This dataset contains results from in situ field measurements of riverbed nitrogen transformations in the Hammer Stream, a sandy tributary of the River Rother in West Sussex, UK. Measurements were performed in November 2014 and February, April and July 2015. The data include baseline concentrations of nutrients (NO2, NO3, NH3, PO4), chloride, oxygen, pH, temperature, Fe(II), organic carbon, 15N-N2 and methane (CH4) and nitrous oxide (N2O) sampled from porewater prior to injection of 15N-nitrate.

Data from: Presence of blood in gastric juice: a sensitive marker for gastric cancer screening in a poor resource setting

Violet Kayamba, Kanekwa Zyambo & Paul Kelly
Background: Gastric cancer survival rates in Africa are low as many cases are diagnosed late. Currently, there are no inexpensive, non-invasive and simple techniques that can be employed in poor resource settings for early case detection. In this study, we explored the possibility using blood in gastric juice as a screening tool to identify patients requiring referral for endoscopy. Methods: The study was conducted at the University Teaching Hospital endoscopy unit in Lusaka, Zambia. During...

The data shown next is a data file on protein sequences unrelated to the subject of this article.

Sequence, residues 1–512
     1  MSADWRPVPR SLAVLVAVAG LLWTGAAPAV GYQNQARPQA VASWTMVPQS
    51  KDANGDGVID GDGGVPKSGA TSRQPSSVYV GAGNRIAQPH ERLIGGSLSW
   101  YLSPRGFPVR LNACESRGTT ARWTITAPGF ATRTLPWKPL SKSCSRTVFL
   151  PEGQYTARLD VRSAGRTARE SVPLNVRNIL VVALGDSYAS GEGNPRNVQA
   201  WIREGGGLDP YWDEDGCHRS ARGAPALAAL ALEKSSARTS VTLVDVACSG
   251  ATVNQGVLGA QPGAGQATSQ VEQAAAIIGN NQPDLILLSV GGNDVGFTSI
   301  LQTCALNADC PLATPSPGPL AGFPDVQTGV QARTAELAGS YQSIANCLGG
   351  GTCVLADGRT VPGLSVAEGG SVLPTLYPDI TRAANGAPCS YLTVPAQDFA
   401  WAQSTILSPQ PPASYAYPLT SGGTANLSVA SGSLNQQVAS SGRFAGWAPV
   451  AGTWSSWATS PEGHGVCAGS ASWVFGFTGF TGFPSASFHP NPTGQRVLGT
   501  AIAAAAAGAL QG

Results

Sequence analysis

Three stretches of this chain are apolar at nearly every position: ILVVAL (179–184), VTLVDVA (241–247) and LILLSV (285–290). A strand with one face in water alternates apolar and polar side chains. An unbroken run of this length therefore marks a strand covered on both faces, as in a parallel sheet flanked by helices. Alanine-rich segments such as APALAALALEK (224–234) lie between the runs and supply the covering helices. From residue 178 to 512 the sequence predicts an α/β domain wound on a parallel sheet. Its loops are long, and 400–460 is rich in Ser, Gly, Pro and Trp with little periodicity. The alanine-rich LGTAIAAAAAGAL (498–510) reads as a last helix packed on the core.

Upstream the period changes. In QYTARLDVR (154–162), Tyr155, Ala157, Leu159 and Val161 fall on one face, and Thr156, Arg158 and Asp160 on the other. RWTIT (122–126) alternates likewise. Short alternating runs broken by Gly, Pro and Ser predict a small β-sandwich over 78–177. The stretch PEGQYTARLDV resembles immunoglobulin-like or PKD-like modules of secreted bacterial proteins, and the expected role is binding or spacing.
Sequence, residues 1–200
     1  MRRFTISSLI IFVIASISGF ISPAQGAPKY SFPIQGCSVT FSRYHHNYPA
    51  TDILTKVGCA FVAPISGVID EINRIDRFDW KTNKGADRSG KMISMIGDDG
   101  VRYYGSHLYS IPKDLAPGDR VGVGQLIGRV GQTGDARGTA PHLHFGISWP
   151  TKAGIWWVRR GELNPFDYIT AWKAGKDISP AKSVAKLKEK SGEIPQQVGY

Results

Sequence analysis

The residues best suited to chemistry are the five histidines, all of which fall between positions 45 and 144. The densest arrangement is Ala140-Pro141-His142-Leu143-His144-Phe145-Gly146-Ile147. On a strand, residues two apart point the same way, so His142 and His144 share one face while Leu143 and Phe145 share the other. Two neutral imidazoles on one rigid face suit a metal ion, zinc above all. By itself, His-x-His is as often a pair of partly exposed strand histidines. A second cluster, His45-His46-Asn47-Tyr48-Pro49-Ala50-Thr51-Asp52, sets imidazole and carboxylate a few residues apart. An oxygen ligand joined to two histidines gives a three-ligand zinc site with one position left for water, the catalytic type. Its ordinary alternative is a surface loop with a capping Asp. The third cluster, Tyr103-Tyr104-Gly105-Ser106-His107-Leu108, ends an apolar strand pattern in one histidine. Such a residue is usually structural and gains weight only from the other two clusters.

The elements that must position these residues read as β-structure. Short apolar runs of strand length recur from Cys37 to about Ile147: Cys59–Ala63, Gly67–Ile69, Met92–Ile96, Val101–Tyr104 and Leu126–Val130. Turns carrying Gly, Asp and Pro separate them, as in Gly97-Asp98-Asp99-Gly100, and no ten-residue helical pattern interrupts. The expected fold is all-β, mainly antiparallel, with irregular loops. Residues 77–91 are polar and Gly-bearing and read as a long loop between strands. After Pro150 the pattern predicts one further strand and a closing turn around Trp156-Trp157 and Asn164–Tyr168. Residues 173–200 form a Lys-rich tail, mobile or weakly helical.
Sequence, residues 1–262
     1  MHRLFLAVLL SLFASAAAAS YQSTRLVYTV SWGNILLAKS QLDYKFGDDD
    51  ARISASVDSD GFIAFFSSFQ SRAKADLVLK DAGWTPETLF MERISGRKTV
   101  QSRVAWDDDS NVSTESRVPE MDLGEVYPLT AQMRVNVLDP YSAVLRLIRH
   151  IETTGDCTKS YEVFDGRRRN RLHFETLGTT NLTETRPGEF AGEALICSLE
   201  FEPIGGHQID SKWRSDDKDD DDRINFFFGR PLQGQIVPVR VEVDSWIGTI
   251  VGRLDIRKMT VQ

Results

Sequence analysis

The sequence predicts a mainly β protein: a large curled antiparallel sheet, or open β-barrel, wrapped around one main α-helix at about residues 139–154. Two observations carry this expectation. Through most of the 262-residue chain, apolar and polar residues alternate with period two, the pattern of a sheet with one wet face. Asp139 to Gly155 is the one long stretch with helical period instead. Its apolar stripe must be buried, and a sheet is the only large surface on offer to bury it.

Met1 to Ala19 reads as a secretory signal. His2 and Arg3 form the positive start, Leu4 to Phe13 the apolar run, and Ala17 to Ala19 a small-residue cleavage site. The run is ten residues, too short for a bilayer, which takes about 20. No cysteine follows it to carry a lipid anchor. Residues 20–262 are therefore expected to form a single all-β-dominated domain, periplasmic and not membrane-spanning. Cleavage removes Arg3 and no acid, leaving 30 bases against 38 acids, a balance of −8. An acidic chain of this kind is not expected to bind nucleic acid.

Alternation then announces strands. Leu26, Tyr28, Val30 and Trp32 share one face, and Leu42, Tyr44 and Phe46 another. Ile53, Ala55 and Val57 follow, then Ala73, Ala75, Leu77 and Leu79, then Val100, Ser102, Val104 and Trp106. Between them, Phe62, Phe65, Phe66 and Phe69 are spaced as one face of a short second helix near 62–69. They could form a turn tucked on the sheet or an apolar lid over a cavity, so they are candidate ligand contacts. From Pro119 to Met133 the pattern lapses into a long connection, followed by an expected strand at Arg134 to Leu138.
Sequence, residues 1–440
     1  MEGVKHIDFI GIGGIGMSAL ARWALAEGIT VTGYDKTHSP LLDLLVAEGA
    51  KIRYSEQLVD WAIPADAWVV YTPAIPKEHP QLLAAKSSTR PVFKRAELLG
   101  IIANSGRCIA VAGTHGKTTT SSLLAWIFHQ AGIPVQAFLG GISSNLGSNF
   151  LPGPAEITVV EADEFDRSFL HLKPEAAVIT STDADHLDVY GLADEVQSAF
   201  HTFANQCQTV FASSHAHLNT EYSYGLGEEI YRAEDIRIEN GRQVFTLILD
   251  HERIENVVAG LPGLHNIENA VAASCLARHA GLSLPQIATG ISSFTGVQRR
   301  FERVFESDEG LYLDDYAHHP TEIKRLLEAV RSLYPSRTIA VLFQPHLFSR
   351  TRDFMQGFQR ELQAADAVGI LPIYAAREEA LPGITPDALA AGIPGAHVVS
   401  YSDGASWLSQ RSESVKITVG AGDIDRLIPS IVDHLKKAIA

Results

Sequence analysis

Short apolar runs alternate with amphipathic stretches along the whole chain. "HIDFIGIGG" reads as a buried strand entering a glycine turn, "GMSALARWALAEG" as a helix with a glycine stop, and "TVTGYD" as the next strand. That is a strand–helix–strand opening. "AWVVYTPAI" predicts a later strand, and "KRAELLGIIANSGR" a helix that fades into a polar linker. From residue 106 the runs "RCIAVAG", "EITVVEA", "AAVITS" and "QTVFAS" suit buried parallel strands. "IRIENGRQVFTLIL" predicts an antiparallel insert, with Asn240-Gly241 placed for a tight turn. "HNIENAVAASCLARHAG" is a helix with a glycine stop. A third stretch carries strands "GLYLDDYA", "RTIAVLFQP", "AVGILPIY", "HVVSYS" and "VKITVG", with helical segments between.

Hampshire Avon: Dissolved oxygen data collected at one minute intervals from five river reaches

C.M. Heppell & S.J. Parker
This dataset contains instream dissolved oxygen data collected continuously at one minute intervals for five sites in the Hampshire Avon catchment in the United Kingdom. Data were collected between August 2014 and August 2015 using miniDOT loggers.

Methane ebullition from two lowland floodplain fens

C. M. Heppell, K.M. Stanley & L.R. Belyea
This dataset includes measurements of methane fluxes from two lowland floodplain fen sites in East Anglia, UK under conservation management (Sutton and Strumpshaw Fens). The data were collected on seven monthly to bimonthly visits during 2013 and comprise methane ebullition fluxes measured using inverted funnels, and methane fluxes measured using static chambers. The tall, static chambers captured methane transported by diffusion, plant-mediated transport and steady ebullition, whereas the inverted funnels captured methane transported by steady...

Data from: Assessing niche partitioning of co-occurring sibling bat species by DNA metabarcoding

Aitor Arrizabalaga-Escudero, Elizabeth L. Clare, Egoitz Salsamendi, Antton Alberdi, Inazio Garin, Joxerra Aihartza & Urtzi Goiti